I have undertaken a cargo van conversion project which has proven interesting. A cargo van provides about 60 square feet in the cargo bay that can be converted to living space for weekend trips saving $100 a night hotel charges.
The tasks to be accomplished: Chevrolet G1500 Cargo Van
Insulation of walls and roof – we used Reflextix double bubble insulation with adhesive in both areas.
Wall covering – we used ¼” smooth finished plywood to cover the walls secured to 1’ x 3” wood furring and then mounting our electrical outlets and appliance connections beforehand
Flooring – a ¾” thick fitted rubber mat give cushioned support and prevents slippage of items
Bedding – a 80-inch x 37-inch hinged platform with a 6-inch memory foam mattress – the platform is 20-inches off the floor offering enough usable storage for four (4) 60-quart Coleman coolers for food stocks for three (3) months and eight (8) 35-bottle case of drinking water (38-gallons) enough for two plus months.
Cabinets and shelving – I bought two cabinet bases with drawers and under storage with doors and installed a countertop with a single sink opening. It allows four (4) pullout drawers and two open areas for usable items to be out of the way. There is a space between the bases about 30-inches where I have two five gallons water jugs with a 12-volt electric pump attached to the sink for running water for daily cooking, drinking and hygiene.
Hooks on walls for gear – I have a Bug Out bag fitted for a 2-week hike totally self contained if ever necessary that mounts on wall attachments, along with 100-feet of ½-inch rope and other useful items.
Auxiliary power – I have two 100-watt solar panels mounted on the roof, with a 1000 watt inverter and charger controller and two 12-volt AGM deep cycle batteries in a sealed containment box to store electrical power for 12-volt lighting and appliances (stove, refrigerator, frying skillet)
Food – I have 3-months supply of foods that I normally eat and like both canned and dry goods with plenty of salt, sugar, honey, oils and spices.
Fuel – I have a 31-gallon regular fuel tank with a 24-gallon external tank that gives me the driving ranges – local (825 miles) and highway (1,100 miles)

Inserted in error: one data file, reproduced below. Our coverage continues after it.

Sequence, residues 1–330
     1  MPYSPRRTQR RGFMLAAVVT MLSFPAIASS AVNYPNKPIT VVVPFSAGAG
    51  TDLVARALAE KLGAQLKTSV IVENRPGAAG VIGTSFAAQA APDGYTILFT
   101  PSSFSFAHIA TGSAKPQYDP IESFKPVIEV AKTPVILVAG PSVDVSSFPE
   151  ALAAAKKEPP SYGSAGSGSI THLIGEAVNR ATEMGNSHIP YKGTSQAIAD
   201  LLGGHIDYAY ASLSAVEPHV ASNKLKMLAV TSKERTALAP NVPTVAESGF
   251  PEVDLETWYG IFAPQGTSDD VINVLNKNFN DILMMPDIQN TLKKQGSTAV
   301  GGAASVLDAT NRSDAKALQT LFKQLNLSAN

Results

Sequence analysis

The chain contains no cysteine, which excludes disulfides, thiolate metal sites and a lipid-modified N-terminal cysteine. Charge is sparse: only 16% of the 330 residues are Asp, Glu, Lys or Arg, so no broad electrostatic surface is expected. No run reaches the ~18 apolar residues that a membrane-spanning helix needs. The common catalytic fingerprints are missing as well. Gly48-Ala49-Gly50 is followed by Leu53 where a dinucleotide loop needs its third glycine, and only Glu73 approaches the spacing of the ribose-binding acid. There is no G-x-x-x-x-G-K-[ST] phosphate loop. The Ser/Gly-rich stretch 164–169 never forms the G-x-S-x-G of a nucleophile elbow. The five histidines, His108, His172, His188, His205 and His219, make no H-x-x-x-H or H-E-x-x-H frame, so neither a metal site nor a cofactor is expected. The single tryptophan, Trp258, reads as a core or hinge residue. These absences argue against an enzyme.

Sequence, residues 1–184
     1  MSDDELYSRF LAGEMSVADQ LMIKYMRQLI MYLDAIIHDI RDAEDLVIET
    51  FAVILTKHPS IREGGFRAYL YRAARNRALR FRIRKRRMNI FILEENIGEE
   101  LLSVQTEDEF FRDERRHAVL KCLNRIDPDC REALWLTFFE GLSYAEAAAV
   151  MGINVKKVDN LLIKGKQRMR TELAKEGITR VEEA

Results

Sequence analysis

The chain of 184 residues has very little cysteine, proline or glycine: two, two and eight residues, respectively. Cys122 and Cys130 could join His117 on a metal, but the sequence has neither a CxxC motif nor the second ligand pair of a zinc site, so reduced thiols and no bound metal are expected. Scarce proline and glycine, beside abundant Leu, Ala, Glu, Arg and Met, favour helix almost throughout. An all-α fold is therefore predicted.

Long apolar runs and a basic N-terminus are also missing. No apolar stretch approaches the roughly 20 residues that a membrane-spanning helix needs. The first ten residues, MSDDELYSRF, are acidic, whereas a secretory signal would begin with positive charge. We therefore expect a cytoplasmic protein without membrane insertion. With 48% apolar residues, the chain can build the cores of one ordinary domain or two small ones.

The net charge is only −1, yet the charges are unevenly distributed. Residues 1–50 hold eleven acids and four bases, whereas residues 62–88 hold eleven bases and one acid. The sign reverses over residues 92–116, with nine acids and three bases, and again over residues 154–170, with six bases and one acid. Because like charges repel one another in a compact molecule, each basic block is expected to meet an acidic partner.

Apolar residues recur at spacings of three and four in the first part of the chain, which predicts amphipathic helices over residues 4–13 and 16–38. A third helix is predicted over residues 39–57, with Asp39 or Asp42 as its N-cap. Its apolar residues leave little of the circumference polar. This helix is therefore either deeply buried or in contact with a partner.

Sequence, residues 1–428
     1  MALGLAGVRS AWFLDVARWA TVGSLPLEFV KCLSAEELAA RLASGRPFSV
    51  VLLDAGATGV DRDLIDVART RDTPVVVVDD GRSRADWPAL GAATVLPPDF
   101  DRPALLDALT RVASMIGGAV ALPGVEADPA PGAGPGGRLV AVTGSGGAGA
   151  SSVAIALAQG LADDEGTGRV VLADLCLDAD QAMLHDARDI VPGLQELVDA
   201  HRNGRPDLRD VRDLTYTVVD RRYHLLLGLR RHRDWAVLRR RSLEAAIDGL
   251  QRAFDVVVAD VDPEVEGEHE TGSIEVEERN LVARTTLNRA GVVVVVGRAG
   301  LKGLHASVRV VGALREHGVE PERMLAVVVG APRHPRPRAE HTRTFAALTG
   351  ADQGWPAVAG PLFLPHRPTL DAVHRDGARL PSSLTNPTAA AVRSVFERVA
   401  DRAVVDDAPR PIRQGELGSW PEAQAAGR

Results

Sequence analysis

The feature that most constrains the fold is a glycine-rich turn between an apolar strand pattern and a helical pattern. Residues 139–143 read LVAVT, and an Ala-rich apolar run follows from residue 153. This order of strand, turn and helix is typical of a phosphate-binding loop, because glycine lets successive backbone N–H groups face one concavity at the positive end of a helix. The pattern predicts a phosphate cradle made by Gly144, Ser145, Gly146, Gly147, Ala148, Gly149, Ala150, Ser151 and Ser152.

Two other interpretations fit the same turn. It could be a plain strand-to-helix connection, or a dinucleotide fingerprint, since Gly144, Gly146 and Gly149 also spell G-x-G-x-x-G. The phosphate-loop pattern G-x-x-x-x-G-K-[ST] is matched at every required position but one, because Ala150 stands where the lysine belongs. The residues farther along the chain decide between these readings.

Lighting – I installed four directional spots for reading in different areas and low level lights to see what I am doing
Desk and chair – a wall mounted desk that folds down allows me to use my laptop and write with a single comfortable fold-up chair and another for sitting outside with company
Porto potty – yes we all have to go several times a day and this unit is a self-contained no odor system
110-power – the solar array and a 12-volt to 110 volt inverter allow regular 110-power for recharging my Surface Pro 2 laptops 10-hour battery and other electrical needs I may have such as power tools for repairs and a compressor for tire inflation
The purpose: To be able to travel in relative comfort on short and long trips with no need to stop at a hotel other than to stealth camp as the exterior of the van looks like any other not to arouse suspicion that someone is inside. An average decent hotel room in any city USA is going to cost $100 a night which if you look at the economics of it would provide for 40-gallons of gasoline – local (600 miles) and highway (800 miles), to me this traveling arrangement makes sense.
Cost and time for cargo van conversion without van price – 6-days and $1,200
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Hello Delta, thank you very much for your excellent voedis. If you had rice stored in buckets for years then you open it, do you have to use all that rice bucket within a week or so, or can you reseal it to last for another few months/years etc. At the moment I am unsure whether to either vaccum pack or mylar/oxygen pack individual bags suitable for 1-3 people and then put the bags into the buckets or just pour a rice into the bucket with mylar/oxygen. Thanks Misscpb
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Having already done this and have lived in it on and off for 5 years I think I have a few things to offer.
1. You won’t be running a refrigerator (110 ac or 12 dc) for very long before you have dead batteries. I installed a propane unit and it works great.
2. I also installed a lil’ Buddy propane heater to keep my ass warm in the winter.
3. I added a propane cook top.
4. I added a microwave that my 2000 watt inverter can handle.
5. It will take a lot of fuel to haul that much water. Get a decent filtration system with UV light instead.
6. Can’t afford the commode? 5 gallon bucket with lid, garbage bag, and some cat litter.
7. My electric consists of two, 12v deep cycle batteries, a battery isolator so I can charge them off the alternator, 2000 watt inverter w/current sensing, and a decent battery charger so you I can jump myself if needed as well as charge any of my batteries, and I have one `125 w solar panel on the roof.
There is a lot more to my van. It is insulated , tinted windows covered from the inside so light from inside can’t be detected, small sink draining into a 5 gal container, pressurized pump…. well you get the idea. I can live in it in a rural or urban environment without detection as it looks like a soccer mom vehicle from any angle.And I haven’t mentioned half of the cool features I built into it.
really interested in building a stealth van, could you tell me all about yours?
what would be the best van for size, fuel econemy?
what are all the cool features you have in yours?
boonie-hat-bob and other bob
would like to see pics of these vans. mine is a e150 in the process of laying out the inside
and would like to see others so if they have better or different I can copy or incorporate into my plan